3. Making the sub-headers automatically calculate their totals
The beauty of using a spreadsheet is through utilising their ability to dynamically update calculations as you go.
We want the spreadsheet to automatically total up our “Income” and “Expense” totals without us needing to do it manually each time we update one of the sub-categories.
To do this, we need to use the =SUM formula. This takes the cells you give it and simply adds them up.
To enter a formula, select the cell as I have done in the below screenshot and type in =SUM(
You will then need to select the cells that you want to be added up. In this example, I’m selecting the cells C4 to C6 (so adding up Wages, Bonus and Other).
Then close the formula with a closing bracket ).
Hit enter and it will calculate.
You will need to do the same for the expense categories too. The only difference will be that you need to select more cells to sum up.
Once you have done that, you can do the same for the “Actual” column.
4. Calculating your net savings
The main reason most people will be trying to track spending and sticking to a budget will be to improve their savings and savings rate. Therefore, these are key metrics to include!
To add this, enter “Savings” and “Savings Rate” underneath your expenses listings.
Then we want to minus your expenses subtotal from your income subtotal.
In the screenshot below, the formula is simply =C3-C8 which is the same as saying:
Savings = Income – Expenses
You can do the same for the Actual column (column D i.e cell D20 in the example above).
5. Calculating your savings rate
Expressing your savings as a percentage of your income is a great way to understand how well you are doing given your income level. Generally speaking, a higher percentage is better.
To calculate this, we need to take your net savings and divide it by your income sub-total.
You can see in the example above I’m using the formula =C20/C3 in cell C21. Note that as we are dividing zero by zero, Google Sheets will return an error. Let’s ignore that for now. Once we start entering values for our expenses and income it will start working.
Follow the same for cell D21.
Currently, Google Sheets will display these percentages as a decimal. I.e 10% will be shown as 0.1. If you want it to be displayed as a percentage, then select both cells and select the % sign on the top ribbon. It should look like this:
See related: How to calculate your savings rate
6. Enter your budget
I’m sure you’re itching to get going now. Now that we have the bare bones of the spreadsheet set up, start going through and entering your budget by each category.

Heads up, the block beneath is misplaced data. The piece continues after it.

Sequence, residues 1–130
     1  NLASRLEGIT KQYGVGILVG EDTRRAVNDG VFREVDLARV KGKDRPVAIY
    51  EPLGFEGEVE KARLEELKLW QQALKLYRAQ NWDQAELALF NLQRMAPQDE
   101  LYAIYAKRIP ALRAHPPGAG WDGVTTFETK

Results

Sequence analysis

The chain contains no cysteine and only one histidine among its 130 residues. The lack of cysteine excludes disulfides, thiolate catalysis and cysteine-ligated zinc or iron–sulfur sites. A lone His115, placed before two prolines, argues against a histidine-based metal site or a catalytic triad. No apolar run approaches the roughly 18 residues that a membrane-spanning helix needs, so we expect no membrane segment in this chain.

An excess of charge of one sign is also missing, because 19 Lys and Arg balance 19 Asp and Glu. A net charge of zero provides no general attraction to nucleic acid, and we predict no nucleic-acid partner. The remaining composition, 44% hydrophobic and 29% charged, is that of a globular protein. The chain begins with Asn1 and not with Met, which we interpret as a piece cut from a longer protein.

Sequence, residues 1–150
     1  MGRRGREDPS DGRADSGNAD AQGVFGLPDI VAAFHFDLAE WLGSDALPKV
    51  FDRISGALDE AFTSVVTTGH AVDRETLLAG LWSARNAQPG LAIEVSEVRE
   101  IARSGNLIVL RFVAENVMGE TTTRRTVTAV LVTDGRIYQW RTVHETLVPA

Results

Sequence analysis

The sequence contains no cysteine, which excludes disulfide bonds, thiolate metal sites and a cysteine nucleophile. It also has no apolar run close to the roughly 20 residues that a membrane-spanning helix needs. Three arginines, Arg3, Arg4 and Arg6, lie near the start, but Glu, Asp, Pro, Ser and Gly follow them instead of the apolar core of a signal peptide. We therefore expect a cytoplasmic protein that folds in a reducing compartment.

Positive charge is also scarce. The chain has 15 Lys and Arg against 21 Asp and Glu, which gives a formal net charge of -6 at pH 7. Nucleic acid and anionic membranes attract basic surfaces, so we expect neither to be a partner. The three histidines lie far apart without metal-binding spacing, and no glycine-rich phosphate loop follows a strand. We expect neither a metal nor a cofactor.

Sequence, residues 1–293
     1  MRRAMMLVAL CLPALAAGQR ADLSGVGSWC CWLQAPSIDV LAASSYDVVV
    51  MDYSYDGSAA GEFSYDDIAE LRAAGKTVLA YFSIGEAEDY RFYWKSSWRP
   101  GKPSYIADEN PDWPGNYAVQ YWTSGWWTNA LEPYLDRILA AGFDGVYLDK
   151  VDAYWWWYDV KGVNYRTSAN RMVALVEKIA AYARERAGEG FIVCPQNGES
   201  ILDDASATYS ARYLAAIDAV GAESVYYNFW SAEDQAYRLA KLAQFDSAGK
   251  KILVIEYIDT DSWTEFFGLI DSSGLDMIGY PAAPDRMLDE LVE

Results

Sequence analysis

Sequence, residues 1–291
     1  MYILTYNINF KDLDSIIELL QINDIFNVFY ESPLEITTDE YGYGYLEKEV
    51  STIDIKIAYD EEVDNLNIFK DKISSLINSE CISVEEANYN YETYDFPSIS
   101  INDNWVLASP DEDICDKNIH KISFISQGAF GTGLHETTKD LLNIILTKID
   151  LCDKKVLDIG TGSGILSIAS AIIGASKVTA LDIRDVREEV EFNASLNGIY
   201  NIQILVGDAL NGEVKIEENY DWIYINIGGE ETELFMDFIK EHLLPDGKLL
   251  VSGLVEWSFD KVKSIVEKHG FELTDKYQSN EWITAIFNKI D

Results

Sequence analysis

Google Sheets will automatically update the sub-totals, net savings and saving rate percentage whilst you fill out your budget.
I’ve entered some dummy numbers, as below:
You can see that the savings rate is no longer throwing an error, and is saying that this fictional budget is achieving an 11% savings rate, which is £220 per month.
At this point, the template will allow you to calculate a budget and understand how much money you have left to save each month after all of your expenses are paid for, and what this equates to in a savings rate.
I cover in more detail different budgeting techniques such as the 50/30/20 and line-item budgeting in my article about how to budget your salary wisely.
However, if you want to go one step further and be able to analyse your actual spend versus your budget, then keep on reading.
7. Calculate the difference between your actual spend and your budget
This is really handy to understand where you’ve missed your budget, allowing you to give the problem areas more focus for the following months.
In column E, we want to work out the difference between your actual and your budget, using the formula:
Variance = Actual Spend – Budgeted Spend
In the example below, I can do this in Google Sheets using the formula =D3-C3
You can do the same for all of the rows with sub-categories as well as just the headings, as this will give you more information to know where you have overspent.
8. Calculate your over or underspend as a percentage
Looking at your over or underspend as a percentage makes it much easier to spot the areas where you missed by a large margin relative to the size of the budget.